EXPLAINED: How has Italy changed the way it decides regional Covid-19 rules?

As it continues to reopen the country, the Italian government has changed the way it assesses the risk level in each region – and therefore which rules apply. Here’s how the new criteria work.

EXPLAINED: How has Italy changed the way it decides regional Covid-19 rules?
A beach bar on the Sicilian island of Lampedusa declares itself "Covid free". Photo: Alberto Pizzoli/AFP

Italy’s tier system that divides regions into risk zones has now been in place for six months, and until this week it depended on a complex assessment of more than 20 separate factors carried out every seven days.

Waiting for the national health institute’s analysis of the data every Friday has become a familiar routine for residents anxious to learn where they can travel, eat, shop and study for at least the next week.

READ ALSO: Indoor dining and later curfew: Italy’s new timetable for easing Covid-19 restrictions

While the idea was to get a comprehensive idea of the risk in each region by studying everything from how well contact tracing was working to how many hospital beds were occupied, regional authorities complained that the calculation was so complicated it made it difficult to foresee which zone their region might fall into, and therefore plan ahead – or contest the decision.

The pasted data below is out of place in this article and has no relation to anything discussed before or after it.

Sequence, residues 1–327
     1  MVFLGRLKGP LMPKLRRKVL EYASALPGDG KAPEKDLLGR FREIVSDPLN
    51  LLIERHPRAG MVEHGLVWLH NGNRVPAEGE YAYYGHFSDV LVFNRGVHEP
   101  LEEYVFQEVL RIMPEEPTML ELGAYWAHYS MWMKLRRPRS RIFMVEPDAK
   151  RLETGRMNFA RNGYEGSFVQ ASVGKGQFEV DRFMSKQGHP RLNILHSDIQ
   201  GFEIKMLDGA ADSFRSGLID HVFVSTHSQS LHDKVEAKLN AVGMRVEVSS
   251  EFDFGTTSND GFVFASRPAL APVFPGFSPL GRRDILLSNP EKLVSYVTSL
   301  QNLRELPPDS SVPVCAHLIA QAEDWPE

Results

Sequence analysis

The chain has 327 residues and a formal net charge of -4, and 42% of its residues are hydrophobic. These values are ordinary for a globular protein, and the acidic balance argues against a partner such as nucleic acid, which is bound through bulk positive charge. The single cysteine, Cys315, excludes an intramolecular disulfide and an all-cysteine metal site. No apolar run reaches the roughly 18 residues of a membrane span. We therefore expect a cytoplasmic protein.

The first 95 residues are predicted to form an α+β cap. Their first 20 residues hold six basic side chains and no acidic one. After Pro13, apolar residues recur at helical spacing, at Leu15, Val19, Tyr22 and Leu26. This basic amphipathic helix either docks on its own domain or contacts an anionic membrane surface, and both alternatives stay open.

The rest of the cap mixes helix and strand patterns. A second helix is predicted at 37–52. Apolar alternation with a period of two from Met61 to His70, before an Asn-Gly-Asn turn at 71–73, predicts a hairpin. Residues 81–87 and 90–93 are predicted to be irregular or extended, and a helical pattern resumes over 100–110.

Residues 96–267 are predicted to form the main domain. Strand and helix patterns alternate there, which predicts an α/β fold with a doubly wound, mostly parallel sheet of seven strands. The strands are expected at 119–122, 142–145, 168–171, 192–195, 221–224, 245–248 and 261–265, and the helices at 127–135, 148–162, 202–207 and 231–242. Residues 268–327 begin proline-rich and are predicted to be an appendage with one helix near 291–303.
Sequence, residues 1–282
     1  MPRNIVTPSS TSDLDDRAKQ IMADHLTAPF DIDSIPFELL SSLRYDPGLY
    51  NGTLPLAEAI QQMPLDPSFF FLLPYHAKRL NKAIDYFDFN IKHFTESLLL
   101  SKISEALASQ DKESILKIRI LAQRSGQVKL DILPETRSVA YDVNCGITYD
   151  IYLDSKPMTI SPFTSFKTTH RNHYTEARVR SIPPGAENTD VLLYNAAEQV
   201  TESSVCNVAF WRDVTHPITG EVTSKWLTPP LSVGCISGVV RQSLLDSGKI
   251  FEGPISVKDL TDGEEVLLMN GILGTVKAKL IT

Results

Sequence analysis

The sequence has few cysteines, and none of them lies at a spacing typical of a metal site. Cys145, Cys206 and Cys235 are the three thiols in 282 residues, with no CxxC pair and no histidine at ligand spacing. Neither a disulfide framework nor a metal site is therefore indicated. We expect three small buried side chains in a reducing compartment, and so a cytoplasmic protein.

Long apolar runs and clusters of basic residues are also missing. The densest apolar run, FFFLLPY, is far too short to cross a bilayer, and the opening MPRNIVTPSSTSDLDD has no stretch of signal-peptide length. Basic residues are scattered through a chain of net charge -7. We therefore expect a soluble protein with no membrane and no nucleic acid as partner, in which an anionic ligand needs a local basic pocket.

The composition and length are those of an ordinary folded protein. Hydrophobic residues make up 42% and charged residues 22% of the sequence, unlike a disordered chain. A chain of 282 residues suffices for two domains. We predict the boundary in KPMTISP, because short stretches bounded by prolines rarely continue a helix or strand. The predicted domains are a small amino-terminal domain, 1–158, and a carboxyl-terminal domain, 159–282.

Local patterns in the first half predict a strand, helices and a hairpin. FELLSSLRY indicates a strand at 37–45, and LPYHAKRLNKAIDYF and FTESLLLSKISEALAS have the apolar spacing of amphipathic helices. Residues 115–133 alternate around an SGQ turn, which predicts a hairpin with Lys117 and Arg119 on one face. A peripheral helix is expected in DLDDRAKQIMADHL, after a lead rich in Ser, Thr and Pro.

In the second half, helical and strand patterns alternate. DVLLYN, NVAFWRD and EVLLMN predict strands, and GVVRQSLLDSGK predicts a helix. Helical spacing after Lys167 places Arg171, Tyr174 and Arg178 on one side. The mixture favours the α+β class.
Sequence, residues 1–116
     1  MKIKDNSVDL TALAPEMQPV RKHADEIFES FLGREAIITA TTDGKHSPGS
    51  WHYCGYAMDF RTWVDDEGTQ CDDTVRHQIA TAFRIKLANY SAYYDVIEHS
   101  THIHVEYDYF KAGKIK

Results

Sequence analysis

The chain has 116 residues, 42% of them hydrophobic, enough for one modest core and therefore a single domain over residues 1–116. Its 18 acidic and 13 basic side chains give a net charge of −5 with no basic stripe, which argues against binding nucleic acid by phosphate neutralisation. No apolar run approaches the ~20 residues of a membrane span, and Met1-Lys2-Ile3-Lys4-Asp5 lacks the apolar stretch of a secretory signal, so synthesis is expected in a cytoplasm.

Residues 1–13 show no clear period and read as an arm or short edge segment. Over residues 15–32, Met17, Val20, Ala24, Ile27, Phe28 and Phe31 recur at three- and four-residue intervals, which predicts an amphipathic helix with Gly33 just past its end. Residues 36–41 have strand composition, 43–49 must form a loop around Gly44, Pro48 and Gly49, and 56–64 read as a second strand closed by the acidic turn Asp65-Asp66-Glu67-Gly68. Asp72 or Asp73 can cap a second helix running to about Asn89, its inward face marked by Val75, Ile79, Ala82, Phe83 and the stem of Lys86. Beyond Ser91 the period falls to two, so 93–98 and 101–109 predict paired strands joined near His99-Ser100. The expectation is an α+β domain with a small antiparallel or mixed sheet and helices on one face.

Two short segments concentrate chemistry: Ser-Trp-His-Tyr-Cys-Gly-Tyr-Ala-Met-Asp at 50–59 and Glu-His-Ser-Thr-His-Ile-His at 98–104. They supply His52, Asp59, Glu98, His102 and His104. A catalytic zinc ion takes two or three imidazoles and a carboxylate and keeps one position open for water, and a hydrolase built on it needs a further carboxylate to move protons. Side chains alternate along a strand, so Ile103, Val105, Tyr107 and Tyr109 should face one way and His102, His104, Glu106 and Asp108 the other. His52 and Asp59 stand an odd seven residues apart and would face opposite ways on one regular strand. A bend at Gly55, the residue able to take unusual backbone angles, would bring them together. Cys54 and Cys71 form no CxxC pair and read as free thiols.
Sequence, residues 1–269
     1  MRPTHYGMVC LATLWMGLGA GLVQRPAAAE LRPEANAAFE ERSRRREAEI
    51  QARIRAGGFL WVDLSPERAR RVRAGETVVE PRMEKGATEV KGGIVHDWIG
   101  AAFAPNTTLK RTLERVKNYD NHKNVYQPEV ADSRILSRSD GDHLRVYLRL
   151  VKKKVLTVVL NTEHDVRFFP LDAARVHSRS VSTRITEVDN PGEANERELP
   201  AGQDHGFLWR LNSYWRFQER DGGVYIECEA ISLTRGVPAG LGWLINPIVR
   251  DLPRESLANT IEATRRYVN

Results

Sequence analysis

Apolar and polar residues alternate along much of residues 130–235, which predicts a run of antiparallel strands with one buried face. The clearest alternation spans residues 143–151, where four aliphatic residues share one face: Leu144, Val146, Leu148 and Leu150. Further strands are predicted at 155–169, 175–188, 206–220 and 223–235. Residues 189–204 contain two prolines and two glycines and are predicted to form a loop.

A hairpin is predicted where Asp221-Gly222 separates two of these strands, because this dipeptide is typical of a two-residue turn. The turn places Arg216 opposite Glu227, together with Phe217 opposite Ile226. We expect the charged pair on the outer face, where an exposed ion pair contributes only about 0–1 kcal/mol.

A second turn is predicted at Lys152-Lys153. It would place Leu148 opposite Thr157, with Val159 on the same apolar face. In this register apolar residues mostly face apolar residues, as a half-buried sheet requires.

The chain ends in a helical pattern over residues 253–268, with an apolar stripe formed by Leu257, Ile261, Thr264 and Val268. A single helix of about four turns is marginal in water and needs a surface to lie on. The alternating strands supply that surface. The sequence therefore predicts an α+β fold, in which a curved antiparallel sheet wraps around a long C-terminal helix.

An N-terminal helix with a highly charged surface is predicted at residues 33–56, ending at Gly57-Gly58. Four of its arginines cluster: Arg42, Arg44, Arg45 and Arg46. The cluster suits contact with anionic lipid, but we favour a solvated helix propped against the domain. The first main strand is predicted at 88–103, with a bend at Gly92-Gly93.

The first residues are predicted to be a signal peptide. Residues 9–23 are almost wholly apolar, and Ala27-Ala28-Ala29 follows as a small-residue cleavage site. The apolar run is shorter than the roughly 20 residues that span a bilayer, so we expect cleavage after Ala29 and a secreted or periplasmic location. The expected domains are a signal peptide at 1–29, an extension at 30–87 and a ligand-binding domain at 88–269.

As infections surged again in the spring, the government introduced a red flag that would automatically send regions into lockdown: if new cases hit more than 250 per 100,000 inhabitants, regions would be declared high-risk “red zones” under maximum restrictions regardless of any other data.

The other key factor Italy based its calculations on was the Rt number, which indicates how many people each patient will transmit the coronavirus to on average, and therefore gives a sense how quickly infection is spreading. An Rt over 1 made it likely a region would become a moderate-risk orange zone, while over 1.25 indicated it would go red.